Open minded Cheesbrough is certainly no enemy of Microsoft (he views Bill Gates as an iconic figure who “thinks at a million miles per hour”), but he believes that having an on-demand infrastructure at the Telegraph will provide the agility and value to take focus away from in-house maintenance and in favour of innovation. Similarly, he favours open-source and social networking tools and he has presided over a change in favour of Apple client devices that now sees about 10 per cent of the company using Macs.

“The key thing for me is usability,” he says. “When you look at Twitter and social networking tools, it’s only when you knit them together that you’ll see the enterprise toolset change dramatically. You need them to join up so you work with colleagues in the same way that Facebook organises your personal life. You need to have Google Apps joined up with LinkedIn – there’s a huge opportunity there.” Even without that rate of change in technology, Cheesbrough has his hands full, overseeing heads of operations, service delivery and planning as well as the 95 per cent of projects that are digitally focused. To maintain direction, Cheesbrough has a strong sense of what his role is. “My style is focused on leadership and being quite specific about how we get there,” he says, “Every 90 days we map our progress based on specific scores. It’s KPIs, but not KPIs for KPIs’ sake.” Like many peers, he sees more server virtualisation, virtual desktops and remote access projects in the offing. Speaking of peers, Cheesbrough also attends meetings with other media CIOs from News International, Mirror Group, The Economist, Guardian News & Media (also a Google advocate) and other like-minded individuals. “We’re all facing the same challenges,” he says.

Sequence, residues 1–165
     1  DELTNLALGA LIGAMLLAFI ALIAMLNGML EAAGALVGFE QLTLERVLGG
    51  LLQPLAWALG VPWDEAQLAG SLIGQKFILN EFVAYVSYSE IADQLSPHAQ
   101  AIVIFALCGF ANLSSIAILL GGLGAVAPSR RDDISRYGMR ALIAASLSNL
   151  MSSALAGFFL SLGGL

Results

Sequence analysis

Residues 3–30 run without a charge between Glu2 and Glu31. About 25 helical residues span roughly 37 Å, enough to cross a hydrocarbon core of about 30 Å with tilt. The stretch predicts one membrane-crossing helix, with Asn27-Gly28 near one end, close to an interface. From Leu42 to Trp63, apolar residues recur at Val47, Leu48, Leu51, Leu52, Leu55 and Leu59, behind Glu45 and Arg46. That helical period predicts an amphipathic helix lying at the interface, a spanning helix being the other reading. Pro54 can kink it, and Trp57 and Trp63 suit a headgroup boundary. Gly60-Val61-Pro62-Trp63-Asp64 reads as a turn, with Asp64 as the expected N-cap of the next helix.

Prospects for print Maybe they discuss what happens next to print. Some see it as ‘dead trees’ but Cheesbrough isn’t so sure, noting that technology can also be applied to making newspapers more efficient to produce, assemble and distribute. “If you’re putting all your eggs in one basket that’s not healthy,” he says. “The strong papers will survive but there will be some pretty strong brands that don’t come through this. You’re seeing it a lot now in the US local newspaper market but in the Nineties people said that TV was dead and yet we ended up with a truly converged device. It’s sometimes good to look back.” And of course, just as with the news, there will be unforeseen events to accommodate. “I can see about 18 months out in terms of taking the function where it needs to be but I don’t doubt there will be a huge number of opportunities when the economy comes back,” he concedes.

Of course, such are the high stakes and issues of profitability engulfing big media organisations today, there is no guarantee that the Telegraph will successfully complete its transformation and opinions remain divided over its prospects. As a Guardian profile has put it, “Murdoch MacLennan has brought about either the dizzying decline or the dazzling transformation of the Telegraph Group, depending on your point of view.” But if bold bets, the vim and vigour of youth and willingness to change are anything to go by, the group may yet be able to shrug off that old ‘Torygraph’ tag.

The Guardian is using IT to reshape its newspaper led business” href=”″>Read about how rivals The Guardian is using IT to reshape its newspaper led business

Paul Cheesbrough: CV

Education: Degree in Strategic Systems Management and MBA

1996-2000: IBM, working as a software engineer and then a media consultant

2000-2007: BBC, working initially as a consultant and then moving on to be the Head of Technology for Production, and then the Controller of Digital Media

2007-Present: CIO, Telegraph Media Group